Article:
However, leaves will continue to grow, and depending on the speed of their growth only determined by the temperature, protective fungicide deposits on growing leaves might become so small that even redistribution of these deposits during rain, which always is accompanied by considerable wash-off from the surfaces, will not suffice.  This is the principle underlying the old 7-day spray schedule recommended for all solely protective fungicides available.

   Reliance on protective fungicides alone opens the questions of when to start the spray program in early spring, and when to renew protective coverage.  Fortunately, the Mills Table published in 1944 and revised over the following 60 years, incorporating new knowledge about the biology of the scab fungus, has provided us with a reliable tool of using forecasting to help apple growers time their application of protective fungicides.  At our Geneva Tree Fruit & Berry web site ( we describe a "Modified Mills Table" and a "Revised Mills Table".  The "Revised Table" is more conservative than the "Modified Mills" Table in calculating the duration of leaf wetness required for establishing a scab infection period, in particular at low temperatures.  In addition, the "Revised Table" does not account for the severity of infection periods.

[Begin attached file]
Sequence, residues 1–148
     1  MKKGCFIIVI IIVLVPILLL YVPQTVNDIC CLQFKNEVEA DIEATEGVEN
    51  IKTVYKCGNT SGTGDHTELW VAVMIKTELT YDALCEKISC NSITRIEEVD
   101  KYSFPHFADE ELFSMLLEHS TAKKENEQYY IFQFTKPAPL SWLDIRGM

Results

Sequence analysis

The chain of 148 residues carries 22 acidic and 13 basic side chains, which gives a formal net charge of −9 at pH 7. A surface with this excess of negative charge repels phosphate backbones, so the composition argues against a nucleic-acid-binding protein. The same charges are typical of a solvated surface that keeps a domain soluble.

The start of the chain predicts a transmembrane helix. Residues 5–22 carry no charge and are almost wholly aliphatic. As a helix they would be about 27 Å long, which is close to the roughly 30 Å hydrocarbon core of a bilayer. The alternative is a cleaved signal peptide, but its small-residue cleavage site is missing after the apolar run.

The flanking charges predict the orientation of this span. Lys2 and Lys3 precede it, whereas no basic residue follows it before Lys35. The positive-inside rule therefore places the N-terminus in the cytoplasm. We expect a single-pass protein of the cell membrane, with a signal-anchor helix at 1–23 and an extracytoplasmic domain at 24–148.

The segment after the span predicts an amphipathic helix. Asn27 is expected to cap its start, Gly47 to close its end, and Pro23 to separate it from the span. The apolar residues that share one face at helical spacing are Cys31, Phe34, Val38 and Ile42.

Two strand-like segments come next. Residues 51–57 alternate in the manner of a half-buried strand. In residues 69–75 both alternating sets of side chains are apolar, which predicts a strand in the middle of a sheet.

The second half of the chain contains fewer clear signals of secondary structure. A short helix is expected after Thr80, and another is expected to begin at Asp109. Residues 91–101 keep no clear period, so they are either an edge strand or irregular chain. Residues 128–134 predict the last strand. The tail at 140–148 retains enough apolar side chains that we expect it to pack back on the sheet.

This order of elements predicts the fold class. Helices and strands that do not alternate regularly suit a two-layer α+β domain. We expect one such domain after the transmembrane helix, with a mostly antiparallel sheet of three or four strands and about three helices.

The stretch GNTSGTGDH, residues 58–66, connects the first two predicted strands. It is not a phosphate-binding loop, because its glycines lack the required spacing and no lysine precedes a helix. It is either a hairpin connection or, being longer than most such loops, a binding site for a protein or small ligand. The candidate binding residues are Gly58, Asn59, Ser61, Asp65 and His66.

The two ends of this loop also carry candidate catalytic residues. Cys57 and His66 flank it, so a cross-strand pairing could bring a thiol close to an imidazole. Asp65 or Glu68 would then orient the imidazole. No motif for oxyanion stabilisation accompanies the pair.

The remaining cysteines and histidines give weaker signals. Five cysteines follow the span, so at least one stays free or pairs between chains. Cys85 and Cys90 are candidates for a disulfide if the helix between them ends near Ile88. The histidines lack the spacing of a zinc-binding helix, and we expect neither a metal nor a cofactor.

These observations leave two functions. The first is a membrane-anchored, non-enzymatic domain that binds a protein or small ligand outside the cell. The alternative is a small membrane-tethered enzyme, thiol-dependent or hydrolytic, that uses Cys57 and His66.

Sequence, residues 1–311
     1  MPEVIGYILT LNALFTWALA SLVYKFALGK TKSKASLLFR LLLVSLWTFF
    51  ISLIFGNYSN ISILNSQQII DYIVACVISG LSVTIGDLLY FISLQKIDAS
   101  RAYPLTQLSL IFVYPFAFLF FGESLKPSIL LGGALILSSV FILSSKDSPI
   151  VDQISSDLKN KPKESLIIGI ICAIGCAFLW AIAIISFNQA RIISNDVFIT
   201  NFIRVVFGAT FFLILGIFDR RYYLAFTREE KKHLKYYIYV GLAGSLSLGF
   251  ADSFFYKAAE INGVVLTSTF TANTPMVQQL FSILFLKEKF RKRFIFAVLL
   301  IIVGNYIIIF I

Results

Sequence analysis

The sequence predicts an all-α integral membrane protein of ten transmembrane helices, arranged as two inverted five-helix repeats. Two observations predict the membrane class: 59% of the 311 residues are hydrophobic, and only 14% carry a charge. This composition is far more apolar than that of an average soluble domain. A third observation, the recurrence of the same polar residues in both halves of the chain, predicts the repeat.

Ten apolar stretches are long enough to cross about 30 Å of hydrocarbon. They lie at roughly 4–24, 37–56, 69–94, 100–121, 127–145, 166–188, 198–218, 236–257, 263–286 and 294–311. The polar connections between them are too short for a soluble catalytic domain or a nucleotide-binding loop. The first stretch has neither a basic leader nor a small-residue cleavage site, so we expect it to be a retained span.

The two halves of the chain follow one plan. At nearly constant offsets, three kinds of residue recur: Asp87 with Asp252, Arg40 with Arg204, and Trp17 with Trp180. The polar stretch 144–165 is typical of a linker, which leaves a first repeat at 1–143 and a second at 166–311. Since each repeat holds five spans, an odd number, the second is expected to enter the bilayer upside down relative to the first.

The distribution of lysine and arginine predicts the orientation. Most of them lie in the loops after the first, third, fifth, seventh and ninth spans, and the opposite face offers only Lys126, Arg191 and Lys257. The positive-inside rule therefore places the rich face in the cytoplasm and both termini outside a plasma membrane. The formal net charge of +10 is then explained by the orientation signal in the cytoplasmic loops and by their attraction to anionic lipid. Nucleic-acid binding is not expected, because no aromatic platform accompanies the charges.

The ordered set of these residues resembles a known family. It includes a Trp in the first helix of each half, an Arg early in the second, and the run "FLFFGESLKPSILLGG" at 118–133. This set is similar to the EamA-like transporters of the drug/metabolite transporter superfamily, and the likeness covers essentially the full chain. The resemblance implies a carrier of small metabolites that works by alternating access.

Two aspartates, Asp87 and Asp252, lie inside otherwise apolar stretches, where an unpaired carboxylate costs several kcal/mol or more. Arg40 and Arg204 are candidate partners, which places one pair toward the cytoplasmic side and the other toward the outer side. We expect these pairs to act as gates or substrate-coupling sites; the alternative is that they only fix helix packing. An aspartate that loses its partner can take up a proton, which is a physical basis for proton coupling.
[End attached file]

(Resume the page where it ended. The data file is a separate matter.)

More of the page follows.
From a practical point of view, two revisions made to the original Mills Table appear more important than others.  It was realized that not the duration of rain but rather the duration of leaf wetness are important parameters in constituting an infection event, and that intermittent periods of drying for 24 hours will not stop scab infections once they were initiated.  Such additional wetting periods are often provided by dew formation at low temperatures at night. 

   Regardless of the many refinements made to the original Mills Table, it will remain as a reliable tool of determining an infection period AFTER the fact.  Although much progress has been made in forecasting the weather locally, the initiation and continuation of scab management with protective fungicides must take the "after the fact" precision of all Mills Tables into account.  Any attempt to stop the development of scab lesions after infections have taken place, be the reasons intentionally or mandated by adverse weather conditions, require more specific fungicides with "kickback" activity, which protective fungicides will only provide for a very limited period of time.